London Marathon: Runners and crowds mark Boston attack
Tens of thousands of runners have taken part in the London Marathon, many with black ribbons on their vests in honour of the victims of the Boston bombings.
A record 700,000 spectators lined the streets as the 36,000 runners set off from Blackheath, where a 30-second silence was held.
Three people died and more than 170 were injured by Monday's blasts, near the finish line of the Boston Marathon.
Hundreds of extra police officers were drafted in as reassurance in London.
About half a million people were expected to watch the race, although official estimates have yet to be made.
Just before the start of the main race, event commentator Geoff Wightman introduced the half-minute silence.
At the scene
The determination of those struggling to keep their feet moving as the finish line in The Mall approaches is touching to witness. The crowds' cheers spur them on.
There are many guises to the post-marathon posture. There are those who bend over, hands firmly on knees as they try to control their breathing, some do cooling down stretches, some whoop with a sense of achievement.
Others look at their watches time and time again to check their finishing time.
Some runners let themselves be gently led to help by the medical team. The less fortunate are taken away by stretcher without anyone so much as batting an eyelid in a way that could only happen in a big marathon event like this.
"Marathon running is a global sport," he said.
"It unites runners and supporters on every continent in pursuit of a common challenge and in the spirit of friendship and fellowship."
He said the marathon family had been "shocked and saddened" by the events in Boston and the silence was to show "our respect and support for the victims".
A senior US diplomat based in the UK said the commemoration underlined the "special relationship" between the two countries.
Barbara Stephenson, Charge d'Affaires at the US Embassy, told Sky News: "We've had responses from Her Majesty the Queen, all through Twitter from the British people, and now we have got tens of thousands of London Marathon runners wearing a black ribbon in solidarity with the people of Boston.
"As my senior law enforcement person said on Friday afternoon, it's moments like this when you know what the special relationship's really all about."
The event appears to have passed off without incident.
Race director Hugh Brasher said before the race that a full security review had taken place and everyone had been adamant that the "show must go on".
The Metropolitan Police said it had reviewed security plans after the Boston attacks and that the extra officers would be used for "for reassurance patrols".
St John Ambulance said more than 5,000 runners and spectators received medical treatment at this year's event, slightly more than last year because of warmer weather during the early part of the race.
The first aid organisation's events manager Katherine Eaton said: "Most of the runners who needed treatment were suffering from cramp, sprains, exhaustion and vomiting.
"More than 40 competitors were taken to hospital suffering from more serious conditions including exercise-associated collapse and suspected fractures."
Australia's Kurt Fearnley was the first athlete to cross the line, winning the men's wheelchair race, with Great Britain's David Weir behind in fifth.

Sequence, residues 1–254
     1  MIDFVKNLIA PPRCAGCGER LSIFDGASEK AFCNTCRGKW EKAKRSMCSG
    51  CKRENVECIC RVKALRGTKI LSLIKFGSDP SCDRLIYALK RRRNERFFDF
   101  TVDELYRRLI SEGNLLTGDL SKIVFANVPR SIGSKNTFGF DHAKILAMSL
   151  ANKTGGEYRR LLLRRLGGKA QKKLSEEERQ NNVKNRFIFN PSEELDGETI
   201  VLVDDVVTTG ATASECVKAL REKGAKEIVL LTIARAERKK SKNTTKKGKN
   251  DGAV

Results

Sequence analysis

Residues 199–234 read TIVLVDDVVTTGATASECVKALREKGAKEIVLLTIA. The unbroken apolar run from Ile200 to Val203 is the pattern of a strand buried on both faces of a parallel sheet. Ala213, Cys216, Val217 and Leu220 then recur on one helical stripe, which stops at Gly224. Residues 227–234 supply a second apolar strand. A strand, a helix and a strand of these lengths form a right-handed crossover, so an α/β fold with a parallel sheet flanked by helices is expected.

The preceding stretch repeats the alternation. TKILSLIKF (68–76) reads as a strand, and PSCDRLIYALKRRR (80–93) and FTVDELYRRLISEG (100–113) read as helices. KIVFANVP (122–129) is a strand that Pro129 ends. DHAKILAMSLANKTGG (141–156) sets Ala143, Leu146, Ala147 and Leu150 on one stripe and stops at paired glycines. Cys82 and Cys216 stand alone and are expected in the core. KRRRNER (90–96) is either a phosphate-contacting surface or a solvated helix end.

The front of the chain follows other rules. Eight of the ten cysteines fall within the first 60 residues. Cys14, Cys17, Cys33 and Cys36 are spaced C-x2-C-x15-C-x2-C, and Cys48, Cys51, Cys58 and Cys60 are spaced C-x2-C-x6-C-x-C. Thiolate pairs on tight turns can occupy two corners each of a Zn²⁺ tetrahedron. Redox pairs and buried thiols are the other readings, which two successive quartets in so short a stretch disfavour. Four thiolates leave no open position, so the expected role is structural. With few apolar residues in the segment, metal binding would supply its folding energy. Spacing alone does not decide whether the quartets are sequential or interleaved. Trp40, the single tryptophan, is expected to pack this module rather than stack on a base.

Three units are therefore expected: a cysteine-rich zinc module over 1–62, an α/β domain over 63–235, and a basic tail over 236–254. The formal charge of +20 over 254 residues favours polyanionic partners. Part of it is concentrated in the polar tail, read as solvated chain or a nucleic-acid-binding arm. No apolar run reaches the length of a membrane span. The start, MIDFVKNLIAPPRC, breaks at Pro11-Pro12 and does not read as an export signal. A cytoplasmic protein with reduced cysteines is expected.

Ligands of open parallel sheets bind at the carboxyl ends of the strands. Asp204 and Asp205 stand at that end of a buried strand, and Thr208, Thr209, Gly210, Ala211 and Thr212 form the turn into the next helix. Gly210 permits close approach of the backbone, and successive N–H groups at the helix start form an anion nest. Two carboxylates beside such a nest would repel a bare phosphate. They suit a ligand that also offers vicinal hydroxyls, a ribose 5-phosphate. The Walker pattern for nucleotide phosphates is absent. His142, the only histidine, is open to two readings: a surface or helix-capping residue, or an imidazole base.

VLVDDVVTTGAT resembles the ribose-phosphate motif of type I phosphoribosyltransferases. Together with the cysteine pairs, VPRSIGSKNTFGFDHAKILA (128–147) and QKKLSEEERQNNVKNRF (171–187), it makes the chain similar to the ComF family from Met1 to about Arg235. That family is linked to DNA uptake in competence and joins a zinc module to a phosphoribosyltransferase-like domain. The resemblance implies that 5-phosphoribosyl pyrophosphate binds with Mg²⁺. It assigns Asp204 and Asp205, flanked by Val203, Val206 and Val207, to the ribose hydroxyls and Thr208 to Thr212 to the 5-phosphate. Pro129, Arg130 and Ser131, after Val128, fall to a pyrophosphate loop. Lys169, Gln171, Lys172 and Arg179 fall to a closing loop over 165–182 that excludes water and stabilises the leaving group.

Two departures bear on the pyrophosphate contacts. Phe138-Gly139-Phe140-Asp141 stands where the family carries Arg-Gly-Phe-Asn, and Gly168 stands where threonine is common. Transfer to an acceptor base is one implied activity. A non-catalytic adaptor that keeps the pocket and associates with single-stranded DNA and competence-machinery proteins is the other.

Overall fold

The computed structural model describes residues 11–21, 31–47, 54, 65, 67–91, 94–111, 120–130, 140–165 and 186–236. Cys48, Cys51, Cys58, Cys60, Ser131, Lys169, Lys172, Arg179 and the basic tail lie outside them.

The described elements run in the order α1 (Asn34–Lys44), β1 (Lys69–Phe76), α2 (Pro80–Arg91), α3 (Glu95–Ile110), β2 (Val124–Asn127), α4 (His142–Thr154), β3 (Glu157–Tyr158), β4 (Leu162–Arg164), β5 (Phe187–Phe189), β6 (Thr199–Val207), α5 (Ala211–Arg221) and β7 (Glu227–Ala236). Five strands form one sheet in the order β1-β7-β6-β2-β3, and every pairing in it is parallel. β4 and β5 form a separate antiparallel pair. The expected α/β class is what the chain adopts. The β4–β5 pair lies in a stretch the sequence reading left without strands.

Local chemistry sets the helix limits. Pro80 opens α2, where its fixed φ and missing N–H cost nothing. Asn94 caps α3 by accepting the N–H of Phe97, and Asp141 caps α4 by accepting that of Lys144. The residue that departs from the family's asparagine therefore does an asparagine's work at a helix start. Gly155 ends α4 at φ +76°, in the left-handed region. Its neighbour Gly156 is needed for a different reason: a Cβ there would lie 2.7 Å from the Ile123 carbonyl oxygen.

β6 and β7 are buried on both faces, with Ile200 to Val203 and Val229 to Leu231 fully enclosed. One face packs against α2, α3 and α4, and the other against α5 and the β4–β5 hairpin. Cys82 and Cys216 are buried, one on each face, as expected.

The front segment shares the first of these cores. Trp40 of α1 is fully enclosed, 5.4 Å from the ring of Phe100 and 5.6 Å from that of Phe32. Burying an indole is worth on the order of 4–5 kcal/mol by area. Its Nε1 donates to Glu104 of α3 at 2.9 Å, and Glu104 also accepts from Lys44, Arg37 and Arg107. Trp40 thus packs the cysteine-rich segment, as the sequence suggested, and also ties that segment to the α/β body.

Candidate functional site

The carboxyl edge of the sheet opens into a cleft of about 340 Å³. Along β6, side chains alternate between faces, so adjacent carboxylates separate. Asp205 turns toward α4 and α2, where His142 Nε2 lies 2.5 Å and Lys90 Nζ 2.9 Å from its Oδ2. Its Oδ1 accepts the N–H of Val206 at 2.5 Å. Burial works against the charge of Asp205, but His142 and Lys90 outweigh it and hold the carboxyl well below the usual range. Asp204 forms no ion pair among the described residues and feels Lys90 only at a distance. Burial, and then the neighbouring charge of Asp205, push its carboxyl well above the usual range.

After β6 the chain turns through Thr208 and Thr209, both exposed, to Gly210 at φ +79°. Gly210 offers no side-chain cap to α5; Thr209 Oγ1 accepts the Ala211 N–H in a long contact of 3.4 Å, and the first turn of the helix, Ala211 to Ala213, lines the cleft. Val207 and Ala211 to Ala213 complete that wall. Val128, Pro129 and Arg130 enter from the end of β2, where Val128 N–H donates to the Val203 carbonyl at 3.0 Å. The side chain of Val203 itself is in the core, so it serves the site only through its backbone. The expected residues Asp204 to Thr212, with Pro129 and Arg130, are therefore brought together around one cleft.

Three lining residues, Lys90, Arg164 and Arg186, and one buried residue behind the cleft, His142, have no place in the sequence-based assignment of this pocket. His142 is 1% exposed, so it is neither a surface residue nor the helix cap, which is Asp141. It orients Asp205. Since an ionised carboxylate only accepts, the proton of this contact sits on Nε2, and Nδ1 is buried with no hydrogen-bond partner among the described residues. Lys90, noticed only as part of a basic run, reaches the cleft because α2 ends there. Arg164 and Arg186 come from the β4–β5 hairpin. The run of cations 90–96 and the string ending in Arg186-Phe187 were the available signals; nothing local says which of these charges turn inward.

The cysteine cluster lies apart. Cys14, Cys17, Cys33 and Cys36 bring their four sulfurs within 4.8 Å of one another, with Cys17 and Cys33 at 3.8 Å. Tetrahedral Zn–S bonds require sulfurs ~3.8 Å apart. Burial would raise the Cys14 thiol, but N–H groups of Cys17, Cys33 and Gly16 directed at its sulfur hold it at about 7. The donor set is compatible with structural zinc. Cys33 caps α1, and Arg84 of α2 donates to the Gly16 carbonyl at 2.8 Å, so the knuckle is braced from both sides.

Tatyana McFadden won the women's wheelchair race less than a week after winning the equivalent race in Boston.
She said: "You know this whole weekend was dedicated to Boston and we got huge support from London. So, I couldn't be happier - just getting support. It was just a wonderful day."
In the women's elite race, there was controversy early on when 2010 wheelchair winner Josh Cassidy dropped out after a collision with Olympic champion runner Tiki Gelana.
She continued running but was off the pace and her race was won by Kenyan Priscah Jeptoo in a time of 2:20:15.
The men's race was won by Ethiopian Tsegaye Kebede, who overtook 2011 champion Emmanuel Mutai in the closing stages, in a time of 2:06:04.
Mo Farah, who won the 5,000m and 10,000m at the 2012 London Olympics, ran only the first half of the 26.2-mile course.
Afterwards he praised the atmosphere of the crowd and said the experience was good practice ahead of him running the full race next year.
Singer Katherine Jenkins, cricketer Andrew Strauss and McFly's Harry Judd were among the well-known names running.
Among other runners taking part:
- Former paratrooper Mike Ellicock broke a world record by running with a 40lb (18kg) pack in three hours 25 minutes and 21 seconds
- A group of 15 people took part in memory of Leicestershire runner Claire Squires who died near the end of the course last year
- Staff Sergeant Paul Chamberlain, of the Royal Corps of Signals, "completed" the course on a treadmill in Afghanistan, raising £1,000 for forces charities
- Shadow chancellor Ed Balls thanked his political adversary George Osborne for sponsoring him as he completed his second London Marathon.
Prince Harry, who is the patron of the London Marathon Charitable Trust, gave the winners their medals.
He said it was "never an option" that he would not be at the race because of security fears following the Boston bombings.
"The great thing about the marathon is no matter what colour you are, or religion, no matter what nationality you are, everyone comes together to run a certain distance to raise money for amazing causes.
"I think that you can never that take away from people."
Meanwhile, specialist US terrorism officers are waiting to question Dzhokhar Tsarnaev, the surviving suspect in the twin bombings close to the finish line of the Boston Marathon.
Mr Tsarnaev's older brother, Tamerlan, died after a shootout with police.
Virgin London Marathon has pledged to donate £2 for every runner that finishes Sunday's event to The One Fund Boston set up to raise money for victims of the explosions.